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What WFH, WFO, and Hybrids Mean for the Future of the Workplace


Nicholas Srebrow

Date Published

Jan 21, 2022
5 minute read

We asked our Workplace practice lead Nick Srebrow to weigh in on the results of our recent poll asking readers what kind of work environment they prefer in a post-pandemic world. Here are his takeaways.

“Return to Work” Remains the Topic du Jour

Most of the work The Clearing’s workplace team is engaged in right now is focused on the return to the office. And that makes sense – it’s a question all organizations are facing right now.

First of all, management is wrestling in general with how to actually get people back in the physical office space. While the jury is still out, our teams hear from leaders that while people are productive remotely, efficiency is way down. Especially when team members must collaborate with other people. In short, people are still getting the work done, it’s just taking a longer time.

Second, even companies that have always had a “tight-knit” culture are struggling with how to do this right. Much of that culture is derived from being in the office. They want to hold onto that culture; however, most are realistic that times are changing. That means they’re trying to figure out how they can bring people back into the office in a meaningful way that meshes with the desires of their teams.

Finally, our teams are seeing a mix between companies wanting people in the office on certain days vs. allowing team members to choose for themselves; however, one trend is universal: people want flexibility. That’s putting the pressure on management that if they do tell their employees to come in on a certain day, they better make that day worth it for the employee. If people are just going to sit in an office with their door shut, what’s the point of making them come back?

And if our poll results tell us anything, while the majority of people want to work in a hybrid model where they choose the in-office days, opinions on the matter are still split – even among workers.

What Comes Next?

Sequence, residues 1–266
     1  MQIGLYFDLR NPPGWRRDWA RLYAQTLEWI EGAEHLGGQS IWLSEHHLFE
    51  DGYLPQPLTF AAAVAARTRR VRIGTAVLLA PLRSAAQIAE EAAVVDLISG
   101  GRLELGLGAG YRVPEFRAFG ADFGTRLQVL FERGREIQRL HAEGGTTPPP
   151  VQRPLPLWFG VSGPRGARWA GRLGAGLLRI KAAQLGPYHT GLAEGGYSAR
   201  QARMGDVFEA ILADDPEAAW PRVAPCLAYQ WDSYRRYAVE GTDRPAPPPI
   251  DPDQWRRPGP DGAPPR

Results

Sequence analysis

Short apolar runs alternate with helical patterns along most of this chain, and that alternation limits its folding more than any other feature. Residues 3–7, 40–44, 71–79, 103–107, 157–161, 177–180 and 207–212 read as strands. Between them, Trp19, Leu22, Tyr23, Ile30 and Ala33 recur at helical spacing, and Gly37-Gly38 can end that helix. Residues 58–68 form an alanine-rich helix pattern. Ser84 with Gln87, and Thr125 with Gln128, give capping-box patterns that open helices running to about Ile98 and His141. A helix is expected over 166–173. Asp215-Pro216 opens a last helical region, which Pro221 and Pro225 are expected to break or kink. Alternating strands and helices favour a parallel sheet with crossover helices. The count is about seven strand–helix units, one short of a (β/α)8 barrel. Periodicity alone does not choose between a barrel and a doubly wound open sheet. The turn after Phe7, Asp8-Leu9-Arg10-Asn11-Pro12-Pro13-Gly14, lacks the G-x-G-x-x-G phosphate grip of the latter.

With all of that in mind, our Workplace team put together three key takeaways to think about when considering your organization’s return to the office conversations. Consider these the drivers to help decide if it’s time to go back to the office, whether your organization should go back quickly or take it slow, or if your teams need to go back at all. The answers to these questions may also impact how your organization lays out its physical space in the future – if it needs physical space, that is.

  1. Get Clear on the “why.” Why do you want to bring employees back to the office? Would it make work easier? Then ask yourself why employees would want to come back. These two years have proven most people can work from home, so why are you asking them to change that?
  2. Consider the efficiency of your staff. Not the ability of your staff, the efficiency. Determine if your teams are still collaborating and getting things done in the virtual environment. Then, determine how much time it’s taking vs. what similar tasks used to when conducted in office. Finally, make sure you exclude your fixed costs (like utilities, rent, etc.) to get a true gauge of how much it is costing your employees to fulfill their jobs. If you find out your staff is actually more efficient in the virtual environment, you don’t have to bring them back. You can take this information and consider what to do with office space. Get rid of it? Repurpose it? That’s a topic that deserves a post of its own.
  3. Conduct a culture check. The last question to ask yourself is, “Is my organization seeing a degradation of our intended Culture?” Put simply, are you seeing a positive or negative shift in the culture you had pre-pandemic? If it’s positive, what learnings do you want team members to bring with them back into the office? If it’s negative, how can you bring people back in a way that gets rid of that?

I know these conversations aren’t easy – we’re going through the same topics here at The Clearing. While these issues put leaders in an unenviable position, I do believe the ultimate outcome of this “great reckoning” will be positive; however, getting there may be painful.

If you want to chat about this, or any other workplace issue on your mind, I’m always ready. Just ping me at